Katrin Bettina Müller
The reversal of seeing
Thomas Anschütz - Photographer and Painter of the Black and White With the help of photography, one can stop the world in order to investigate, as it were, the connection between the disturbing appearances and the feelings that are triggered by them ", wrote the painter and photographer Thomas Anschütz in 1980 His studies with the Hamburg realists Kurt Haug and Rudolf Hausner did not take place long ago, nor did the demand for knowledge of reality characterize the artistic search, but in Thomas Anschütz's photography a different interest in the visual means already arose reduced structures of light and shadow into the picture, which showed hardly identifiable objects such as edges of buildings and pipes and were unsuitable as carriers of meaning.The registered forms were not considered as proxies for out-of-bounds.It seems paradoxical, but the documentary function of the medium Photography legitimized the artist, who was still committed to realism, to get to the bottom of the laws of minimalist image structures. In the collection of formal analogies he distanced himself from the construction of meaning. But it was a long way before the brush was freed from the reproduction and interpretation of reality. Eight years in New York have accelerated the pulse of his pictures.
Today Anschütz no longer tries to stop the world for his pictures. Just their rotation allows life. What appeals to me in the painterly compositions of pre-rows and retreats, expanding fields and purring lines is the moment of movement. Reality he no longer examines the sedated object with the distant view of the scientist. Rather, in the process of painting, it arises in a complexity in which even edge blurs contain information. In the art of light art, the painter had already anticipated the dissolution of the image into black and white structures. They provided the syntax of the picturesque language without filling it with the associative loquacity and the emotional burden of color. Random forms, moments, found things, as in the photographic motifs give rise to the occasion. Set on canvas, they develop a life of their own. Objective hints offer starting points - it is not about their metaphorical exaggeration, but about the equivalent training in the picture.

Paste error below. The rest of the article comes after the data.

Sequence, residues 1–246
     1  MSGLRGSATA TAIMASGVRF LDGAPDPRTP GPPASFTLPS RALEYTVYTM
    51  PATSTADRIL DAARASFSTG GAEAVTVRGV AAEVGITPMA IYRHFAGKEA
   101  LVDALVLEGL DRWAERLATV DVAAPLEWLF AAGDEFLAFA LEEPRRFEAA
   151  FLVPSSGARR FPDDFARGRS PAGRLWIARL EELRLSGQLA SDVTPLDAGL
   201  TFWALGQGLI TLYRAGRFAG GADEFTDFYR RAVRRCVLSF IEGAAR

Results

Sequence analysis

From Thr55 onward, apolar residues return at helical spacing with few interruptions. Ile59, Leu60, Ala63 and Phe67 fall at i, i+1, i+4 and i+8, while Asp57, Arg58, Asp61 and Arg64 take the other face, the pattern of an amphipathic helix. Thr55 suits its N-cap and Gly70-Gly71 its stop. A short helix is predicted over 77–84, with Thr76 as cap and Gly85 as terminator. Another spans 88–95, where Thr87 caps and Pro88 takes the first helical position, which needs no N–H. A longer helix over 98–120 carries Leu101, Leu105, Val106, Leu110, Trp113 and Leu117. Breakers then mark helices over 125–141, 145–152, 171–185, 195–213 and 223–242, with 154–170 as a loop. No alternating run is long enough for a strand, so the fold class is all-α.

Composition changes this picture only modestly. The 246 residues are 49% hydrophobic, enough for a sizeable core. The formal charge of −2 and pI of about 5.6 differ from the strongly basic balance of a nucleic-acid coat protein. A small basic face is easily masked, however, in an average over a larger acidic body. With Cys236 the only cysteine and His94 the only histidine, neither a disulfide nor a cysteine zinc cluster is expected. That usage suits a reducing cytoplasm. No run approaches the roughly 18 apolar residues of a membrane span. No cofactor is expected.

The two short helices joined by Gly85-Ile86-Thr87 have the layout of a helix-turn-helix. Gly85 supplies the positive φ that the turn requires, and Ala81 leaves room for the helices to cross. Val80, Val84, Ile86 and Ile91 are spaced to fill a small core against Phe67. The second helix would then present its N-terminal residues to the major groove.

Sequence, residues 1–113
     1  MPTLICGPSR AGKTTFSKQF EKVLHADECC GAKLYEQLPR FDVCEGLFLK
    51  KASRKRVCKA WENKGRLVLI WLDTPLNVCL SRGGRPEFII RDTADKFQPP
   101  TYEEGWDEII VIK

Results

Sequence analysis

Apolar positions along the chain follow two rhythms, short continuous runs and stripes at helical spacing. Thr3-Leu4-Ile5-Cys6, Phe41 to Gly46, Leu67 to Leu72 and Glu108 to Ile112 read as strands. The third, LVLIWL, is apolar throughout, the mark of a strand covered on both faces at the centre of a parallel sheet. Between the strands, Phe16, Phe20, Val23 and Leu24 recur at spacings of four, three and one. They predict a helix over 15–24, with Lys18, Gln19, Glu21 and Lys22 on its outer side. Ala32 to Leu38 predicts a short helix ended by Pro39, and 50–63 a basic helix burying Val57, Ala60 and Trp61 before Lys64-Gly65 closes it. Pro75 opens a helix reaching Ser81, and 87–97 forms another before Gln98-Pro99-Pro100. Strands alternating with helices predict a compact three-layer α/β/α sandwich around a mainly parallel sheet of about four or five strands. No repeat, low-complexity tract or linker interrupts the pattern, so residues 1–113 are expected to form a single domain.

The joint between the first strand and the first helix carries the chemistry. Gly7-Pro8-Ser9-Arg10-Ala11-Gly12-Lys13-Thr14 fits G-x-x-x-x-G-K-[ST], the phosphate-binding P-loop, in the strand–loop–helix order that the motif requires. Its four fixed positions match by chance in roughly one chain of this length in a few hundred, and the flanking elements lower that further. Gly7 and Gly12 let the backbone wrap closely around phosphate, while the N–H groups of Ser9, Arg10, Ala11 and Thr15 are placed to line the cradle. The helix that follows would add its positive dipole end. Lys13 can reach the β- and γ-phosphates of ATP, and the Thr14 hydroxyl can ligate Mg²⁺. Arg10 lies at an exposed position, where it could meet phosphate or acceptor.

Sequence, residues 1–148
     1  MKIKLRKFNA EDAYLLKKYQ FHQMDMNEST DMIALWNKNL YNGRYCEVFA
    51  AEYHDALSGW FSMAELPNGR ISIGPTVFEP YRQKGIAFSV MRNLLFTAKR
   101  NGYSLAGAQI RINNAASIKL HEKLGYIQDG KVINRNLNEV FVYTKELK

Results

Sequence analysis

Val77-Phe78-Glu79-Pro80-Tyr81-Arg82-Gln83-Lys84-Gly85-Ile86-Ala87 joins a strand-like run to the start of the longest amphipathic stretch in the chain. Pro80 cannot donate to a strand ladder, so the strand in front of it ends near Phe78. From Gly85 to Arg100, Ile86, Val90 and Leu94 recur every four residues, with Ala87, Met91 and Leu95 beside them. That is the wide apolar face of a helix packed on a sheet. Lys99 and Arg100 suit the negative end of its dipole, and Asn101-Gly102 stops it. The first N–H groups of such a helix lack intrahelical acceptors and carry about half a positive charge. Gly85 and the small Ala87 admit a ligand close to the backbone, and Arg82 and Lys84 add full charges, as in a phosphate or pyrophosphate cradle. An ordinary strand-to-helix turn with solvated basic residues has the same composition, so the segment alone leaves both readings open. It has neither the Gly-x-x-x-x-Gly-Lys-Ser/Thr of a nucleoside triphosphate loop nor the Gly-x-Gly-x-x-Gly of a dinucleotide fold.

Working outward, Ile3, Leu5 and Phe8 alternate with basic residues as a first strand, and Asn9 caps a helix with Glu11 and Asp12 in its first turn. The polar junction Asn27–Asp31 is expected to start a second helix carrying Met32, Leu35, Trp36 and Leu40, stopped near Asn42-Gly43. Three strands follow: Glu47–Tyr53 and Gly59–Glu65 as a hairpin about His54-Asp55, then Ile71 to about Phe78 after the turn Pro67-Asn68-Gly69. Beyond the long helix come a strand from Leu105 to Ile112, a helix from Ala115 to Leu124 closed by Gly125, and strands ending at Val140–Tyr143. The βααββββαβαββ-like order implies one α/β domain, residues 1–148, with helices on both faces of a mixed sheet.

The uniqueness of the space is resolved as well as the recognizability of a temporal succession of the picturesque layers. A thin, white line that serves as a link between the image depth and the surface destroys the continuity of perspective. The factor of time that the long painterly process takes the seconds of the photographic
Exposure ahead gives the picture history. Yet it is more than the document of its creation, for it attests to the simultaneity of different levels of perception and memory, which, in contrasting zones of crossfading, constantly generate new images.
Black bars push white space back, white veils blur across black depths; Surface, space and body dissolve. It is no longer clear which dimension we are in. The relativity of time and space transcends the everyday boundaries of our perception: Articulated in the scientific formula, it is not something that space travelers can experience for us in the arts alone.
The present is reflected in the material and forms of image processing. Anschütz brings together painting and photography in a new process that blurs the separation of the fictional and documentary function even more: he paints transparent film - negatives of images - which he first gains as a magnified positive. As with the microscope, he penetrates into the microstructures of painting. The unforeseen arises from the process of reversal: lightning and points of light, created from black splashes, tear the surface apart. What was previously unstructured surface appears as a relief of the finest elevations and depressions. Painterly control is somewhat overridden on the path of liberation from the conventions of perception.